Sunday, May 20, 2018

Stories from Sadness


Yesterday I attended a funeral for a woman I knew well but had never met.  Her daughter was a former Client and I had done much research on the deceased's grandmother.  I've never attended a Client's family member's funeral before and it was an interesting experience.  The Minister spoke about the importance of connections and he was so right in ways he didn't even know!

I should have thought of this years ago but somehow this escaped me until now.  In grief, a lot of memories are evoked that can explain or provide hints to better understanding of the individual and their place in the family.  During the Reflection phase of the memorial service, I was struck by a piece of info that the Client had never previously shared with me regarding the family residence years ago.  Since this was between census years in a rental in a place that didn't have a City Directory, I would have been hard pressed to find where they were living and why.  It had been a troubling time, based on what I heard yesterday, and that would explain why the Client never shared it while I was working on the lines, however, it readily connected the family to another family 2 generations previously that I knew was living on that same block. 

Many of the reflections confirmed other stories I had heard; that the deceased had an uncanny ability to know everyone's date of birth and address for this large extended family.  I readily agree.  When I was in the early stages of the research, I met to share some of the findings and the Client was certain I had made an error.  After checking with the very knowledgeable family member, my data was confirmed.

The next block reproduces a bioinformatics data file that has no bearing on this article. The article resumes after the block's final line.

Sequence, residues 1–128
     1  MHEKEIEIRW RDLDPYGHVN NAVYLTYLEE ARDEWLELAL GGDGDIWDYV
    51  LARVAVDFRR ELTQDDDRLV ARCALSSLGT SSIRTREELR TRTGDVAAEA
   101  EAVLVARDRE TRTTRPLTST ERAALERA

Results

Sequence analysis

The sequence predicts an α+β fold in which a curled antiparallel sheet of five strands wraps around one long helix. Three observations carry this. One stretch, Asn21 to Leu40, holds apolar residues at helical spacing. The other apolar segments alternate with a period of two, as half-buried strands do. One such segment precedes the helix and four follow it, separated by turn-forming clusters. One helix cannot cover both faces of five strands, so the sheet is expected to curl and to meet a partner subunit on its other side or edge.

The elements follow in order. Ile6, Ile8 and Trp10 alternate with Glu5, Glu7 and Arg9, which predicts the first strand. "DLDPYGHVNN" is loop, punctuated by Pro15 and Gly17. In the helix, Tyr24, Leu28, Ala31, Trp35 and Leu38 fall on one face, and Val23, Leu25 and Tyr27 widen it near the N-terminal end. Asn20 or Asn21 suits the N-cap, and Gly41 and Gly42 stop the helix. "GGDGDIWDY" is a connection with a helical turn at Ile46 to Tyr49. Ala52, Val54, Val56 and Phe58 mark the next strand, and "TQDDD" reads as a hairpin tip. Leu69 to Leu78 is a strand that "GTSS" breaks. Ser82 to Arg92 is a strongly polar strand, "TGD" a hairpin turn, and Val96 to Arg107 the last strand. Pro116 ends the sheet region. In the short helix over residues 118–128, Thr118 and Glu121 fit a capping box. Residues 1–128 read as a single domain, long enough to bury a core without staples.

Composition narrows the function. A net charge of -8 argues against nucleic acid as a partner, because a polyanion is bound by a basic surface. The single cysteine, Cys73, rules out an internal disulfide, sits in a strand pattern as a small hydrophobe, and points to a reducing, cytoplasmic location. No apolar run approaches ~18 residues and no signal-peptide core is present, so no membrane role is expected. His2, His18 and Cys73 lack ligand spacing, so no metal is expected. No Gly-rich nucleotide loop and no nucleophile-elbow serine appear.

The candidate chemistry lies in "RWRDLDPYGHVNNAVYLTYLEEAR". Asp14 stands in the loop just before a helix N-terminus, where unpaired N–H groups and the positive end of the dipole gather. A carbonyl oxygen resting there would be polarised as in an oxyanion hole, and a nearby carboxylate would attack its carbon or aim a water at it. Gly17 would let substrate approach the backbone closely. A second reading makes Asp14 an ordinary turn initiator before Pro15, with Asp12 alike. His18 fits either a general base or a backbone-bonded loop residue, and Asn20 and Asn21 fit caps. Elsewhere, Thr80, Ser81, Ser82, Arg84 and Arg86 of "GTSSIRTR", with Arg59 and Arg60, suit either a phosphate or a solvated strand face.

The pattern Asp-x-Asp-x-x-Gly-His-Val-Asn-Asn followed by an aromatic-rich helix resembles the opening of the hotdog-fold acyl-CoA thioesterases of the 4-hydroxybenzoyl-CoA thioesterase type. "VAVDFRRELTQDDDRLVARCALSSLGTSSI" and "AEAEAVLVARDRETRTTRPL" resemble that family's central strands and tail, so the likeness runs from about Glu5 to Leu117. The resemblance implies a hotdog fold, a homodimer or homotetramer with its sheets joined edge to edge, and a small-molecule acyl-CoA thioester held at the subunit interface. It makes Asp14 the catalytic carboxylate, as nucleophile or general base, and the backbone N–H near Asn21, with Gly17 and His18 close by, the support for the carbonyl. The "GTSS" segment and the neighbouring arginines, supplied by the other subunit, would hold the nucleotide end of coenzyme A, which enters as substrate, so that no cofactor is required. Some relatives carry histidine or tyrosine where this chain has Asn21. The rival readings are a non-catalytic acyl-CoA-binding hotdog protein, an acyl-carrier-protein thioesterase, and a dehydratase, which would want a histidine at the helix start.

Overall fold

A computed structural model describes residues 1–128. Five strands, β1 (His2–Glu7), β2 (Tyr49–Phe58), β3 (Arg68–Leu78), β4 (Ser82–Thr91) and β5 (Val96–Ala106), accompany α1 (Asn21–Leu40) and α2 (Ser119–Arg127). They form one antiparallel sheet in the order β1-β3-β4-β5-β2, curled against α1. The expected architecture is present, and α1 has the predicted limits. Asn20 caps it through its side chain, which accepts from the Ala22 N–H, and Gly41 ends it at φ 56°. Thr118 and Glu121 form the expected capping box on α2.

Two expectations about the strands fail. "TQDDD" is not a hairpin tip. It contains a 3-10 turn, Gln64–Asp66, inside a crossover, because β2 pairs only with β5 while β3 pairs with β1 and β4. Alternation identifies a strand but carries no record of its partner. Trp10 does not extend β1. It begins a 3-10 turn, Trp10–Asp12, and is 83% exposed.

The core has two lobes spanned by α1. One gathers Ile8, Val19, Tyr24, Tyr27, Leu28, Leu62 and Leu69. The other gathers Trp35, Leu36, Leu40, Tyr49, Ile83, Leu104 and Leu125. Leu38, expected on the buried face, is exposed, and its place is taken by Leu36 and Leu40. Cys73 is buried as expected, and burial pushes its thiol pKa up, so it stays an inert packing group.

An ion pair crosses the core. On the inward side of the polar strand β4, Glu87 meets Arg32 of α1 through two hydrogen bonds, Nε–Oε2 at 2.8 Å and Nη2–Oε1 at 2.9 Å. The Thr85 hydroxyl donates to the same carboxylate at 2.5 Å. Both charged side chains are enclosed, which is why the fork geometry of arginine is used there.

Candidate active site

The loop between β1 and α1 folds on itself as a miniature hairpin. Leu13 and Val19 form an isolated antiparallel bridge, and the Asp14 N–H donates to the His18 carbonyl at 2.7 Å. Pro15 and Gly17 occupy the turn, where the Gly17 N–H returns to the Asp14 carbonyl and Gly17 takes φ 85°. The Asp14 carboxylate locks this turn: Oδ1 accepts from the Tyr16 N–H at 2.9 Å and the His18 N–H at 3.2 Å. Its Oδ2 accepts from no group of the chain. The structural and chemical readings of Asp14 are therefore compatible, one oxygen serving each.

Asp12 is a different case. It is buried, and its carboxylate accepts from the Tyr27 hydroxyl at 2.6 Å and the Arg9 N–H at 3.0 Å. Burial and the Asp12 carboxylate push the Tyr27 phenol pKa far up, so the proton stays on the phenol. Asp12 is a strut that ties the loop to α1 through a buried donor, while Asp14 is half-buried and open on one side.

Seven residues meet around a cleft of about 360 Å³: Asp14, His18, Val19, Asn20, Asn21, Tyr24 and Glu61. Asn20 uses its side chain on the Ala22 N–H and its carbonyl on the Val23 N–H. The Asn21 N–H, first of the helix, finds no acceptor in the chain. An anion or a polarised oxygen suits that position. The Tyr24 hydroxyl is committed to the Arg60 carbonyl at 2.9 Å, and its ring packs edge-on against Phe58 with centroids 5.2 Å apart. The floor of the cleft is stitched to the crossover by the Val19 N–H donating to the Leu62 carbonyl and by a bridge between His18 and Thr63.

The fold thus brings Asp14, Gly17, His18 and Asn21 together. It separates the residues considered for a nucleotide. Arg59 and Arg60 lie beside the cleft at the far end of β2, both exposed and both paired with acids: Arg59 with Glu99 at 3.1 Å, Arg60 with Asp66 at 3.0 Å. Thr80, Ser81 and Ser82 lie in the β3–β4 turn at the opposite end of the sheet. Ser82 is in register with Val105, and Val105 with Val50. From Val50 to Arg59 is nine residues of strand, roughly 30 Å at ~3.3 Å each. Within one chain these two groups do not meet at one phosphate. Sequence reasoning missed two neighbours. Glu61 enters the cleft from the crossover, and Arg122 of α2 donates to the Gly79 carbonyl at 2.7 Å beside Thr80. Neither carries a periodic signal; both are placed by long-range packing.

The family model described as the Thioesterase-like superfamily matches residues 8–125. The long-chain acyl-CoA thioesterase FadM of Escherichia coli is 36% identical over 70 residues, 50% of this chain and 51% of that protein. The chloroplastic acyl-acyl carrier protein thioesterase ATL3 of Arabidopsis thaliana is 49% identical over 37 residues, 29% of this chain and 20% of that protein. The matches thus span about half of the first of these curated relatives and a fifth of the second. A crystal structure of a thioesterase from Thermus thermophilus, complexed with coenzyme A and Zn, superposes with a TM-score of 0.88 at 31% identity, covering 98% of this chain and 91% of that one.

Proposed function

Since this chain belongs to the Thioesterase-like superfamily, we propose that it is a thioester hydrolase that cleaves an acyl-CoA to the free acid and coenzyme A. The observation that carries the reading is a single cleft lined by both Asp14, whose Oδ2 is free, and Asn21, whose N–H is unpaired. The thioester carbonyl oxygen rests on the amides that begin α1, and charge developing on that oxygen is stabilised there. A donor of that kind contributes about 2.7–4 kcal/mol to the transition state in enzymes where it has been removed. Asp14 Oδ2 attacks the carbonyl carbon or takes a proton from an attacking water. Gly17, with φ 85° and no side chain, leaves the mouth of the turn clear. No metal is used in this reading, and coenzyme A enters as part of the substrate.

Her passing yesterday is a loss to the family in many ways; from a genealogical perspective, the stories she did not pass on might never be learned.  One of the grandchildren recorded the service thus preserving the recollections of some of the family members. 

Although emotions are raw during a funeral, important genealogical information is decimated. If you are distraught, your spouse or friend might be helpful at this time to unemotionally record the information that can assist you later.  I plan on meeting with the Client for lunch in the next few months to share the information that I learned.  I think she'll appreciate it and gain a better understanding of the past.


Saturday, May 12, 2018

To Your Health - Genealogywise!


I've blogged previously about by attempt to analyze my ancestor's health records to make lifestyle choices to keep me well (See Using Your Genealogical  Info to Make You Healthy).  This past week, MyHeritage.com has added a new feature that you can use to include your family's medical history.  It is purportedly private and secure, allowing you to keep all of the health records of the living and deceased in one place so you can download and print a checklist of the entered information to share with your physician.